Whenever a browser upgrades versions, it’s a little marketing event, and rightly so. Looks like for Firefox it’s about once a month, Chrome is ~6 weeks, and Safari is once a year.
Chrome 80 just dropped, as they say, and we get a video and blog post. What strikes me about releases like this these days is that there isn’t big flagship features that we’re all collectively interested in as developers. Maybe a little great divide stuff going on, but more broadly, just different front-end developers (the people who care about browsers) work on different things and so care about different things.
Let me try to illustrate that with a feature rundown of this release:
- Content Indexing is a way to access metadata of files your browser has cached (that you specifically cached). Seems like a great idea, but I’ve never really dealt with offline stuff like this seriously so it’s not really in my wheelhouse.
- Web Workers can use ES modules now. That’s cool, I didn’t even know they couldn’t.
- Origin Trials are like feature flags I guess, except you opt-in from a website and not just on your local browser. Totally new to me, but sounds like they have been effective in gathering and refining new APIs.
- Periodic background sync. Jeremy laid out how useful this in his article where he called it “silent push”. You can also schedule notifications, making them more resilient to offline situations.
- HTTP content tries to auto-upgrade to HTTPS if the site is HTTPS. Great idea. I use the Cloudflare setting for this, but makes sense it moves to the browser level.
- Contact Picker API. Very much like this, in the same way I like the Web Payments API. If I can build a UI that helps users fill out forms faster and more accurately, that’s great. That’s why I use 1Password. I use it just as much for filling out address and credit card forms as I do for passwords.
- SameSite cookies. Scares me. I know that we need to update our cookies on CodePen to make sure it has this value but I haven’t researched it deep enough yet, and 80 is already shipping.
- Actual CSS stuff!
overflow-wrap: anywhere;I can’t seem to grok the difference. This stuff is already very complicated.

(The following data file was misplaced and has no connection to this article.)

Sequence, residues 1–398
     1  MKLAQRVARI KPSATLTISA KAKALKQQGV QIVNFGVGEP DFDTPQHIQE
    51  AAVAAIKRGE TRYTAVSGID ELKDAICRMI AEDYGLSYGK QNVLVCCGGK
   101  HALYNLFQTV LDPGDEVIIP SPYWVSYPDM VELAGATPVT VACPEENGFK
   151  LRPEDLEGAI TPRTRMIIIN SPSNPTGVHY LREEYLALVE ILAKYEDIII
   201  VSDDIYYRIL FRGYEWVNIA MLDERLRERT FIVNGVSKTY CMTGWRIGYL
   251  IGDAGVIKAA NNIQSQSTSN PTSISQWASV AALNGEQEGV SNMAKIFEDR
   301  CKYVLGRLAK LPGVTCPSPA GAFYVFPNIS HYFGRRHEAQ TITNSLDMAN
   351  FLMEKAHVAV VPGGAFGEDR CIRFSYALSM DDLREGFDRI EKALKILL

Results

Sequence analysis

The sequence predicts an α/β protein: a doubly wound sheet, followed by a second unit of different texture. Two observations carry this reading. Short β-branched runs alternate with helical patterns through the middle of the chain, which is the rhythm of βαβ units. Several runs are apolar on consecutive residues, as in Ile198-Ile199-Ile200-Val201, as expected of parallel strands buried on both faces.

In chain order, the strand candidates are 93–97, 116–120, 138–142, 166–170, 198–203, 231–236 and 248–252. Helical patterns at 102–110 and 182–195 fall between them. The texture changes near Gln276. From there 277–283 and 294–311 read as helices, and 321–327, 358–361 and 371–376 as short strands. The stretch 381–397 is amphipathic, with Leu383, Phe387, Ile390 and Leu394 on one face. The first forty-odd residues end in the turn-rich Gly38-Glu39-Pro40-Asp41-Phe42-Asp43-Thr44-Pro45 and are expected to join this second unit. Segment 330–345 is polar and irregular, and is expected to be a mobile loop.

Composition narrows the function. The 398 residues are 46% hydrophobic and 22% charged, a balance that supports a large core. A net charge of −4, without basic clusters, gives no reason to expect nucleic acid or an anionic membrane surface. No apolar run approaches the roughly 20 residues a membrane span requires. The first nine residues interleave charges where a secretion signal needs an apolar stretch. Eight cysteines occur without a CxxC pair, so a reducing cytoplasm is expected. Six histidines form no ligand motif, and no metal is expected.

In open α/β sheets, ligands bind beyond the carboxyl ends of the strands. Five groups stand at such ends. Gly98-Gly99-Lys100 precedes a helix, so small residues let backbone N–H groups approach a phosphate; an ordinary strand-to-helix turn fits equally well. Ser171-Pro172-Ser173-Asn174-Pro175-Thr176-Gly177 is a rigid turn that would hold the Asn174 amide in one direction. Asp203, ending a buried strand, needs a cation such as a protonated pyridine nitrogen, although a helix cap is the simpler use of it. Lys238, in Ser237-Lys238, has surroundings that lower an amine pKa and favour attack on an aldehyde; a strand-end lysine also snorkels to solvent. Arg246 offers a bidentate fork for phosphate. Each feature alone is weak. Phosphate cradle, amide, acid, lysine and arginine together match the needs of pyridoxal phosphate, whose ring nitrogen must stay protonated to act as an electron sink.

- Nothing HTML related. Poor HTML never gets nuthin’.
And then the two that really caught my eye!
- SVG favicons. Awesome. We already ship one for CodePen because it looks so nice on Safari. Although Safari supports it with
<link rel="mask-icon" href="...">and Chrome is supporting it with
<link rel="icon" href="...">so I’m not quite sure what to do there. I guess since Firefox supports SVG with
rel="icon", just ship SVG for both?
- Text fragments. How cool. I had no idea this was coming. People have been talking about this for at least a decade. The idea is linking to things on a page without needing a
idto link down to, just using text. The syntax is funky:
https://site.com/#:~:text=Links to first occurance of this text.
Here’s a video from Stefan Judis:
Text fragments will soon be available in Chromium land. You can then use `#:~:text=` to highlight certain text. 😲— Stefan Judis (@stefanjudis) February 5, 2020
🔗 Chrome status: https://t.co/e60xiQoQoT
🔗 Spec: https://t.co/t02TFfGO2X#devsheets
Video alt: Usage of text fragments to highlight text on wikipedia pic.twitter.com/W5tUYZk8NY
Especially notable to me: it links you to the middle of the page, not headbutting the top. I much prefer this.
Oh my god. I had no idea about Nullish Coalescing or Optional Chaining. This will make my life so much easier.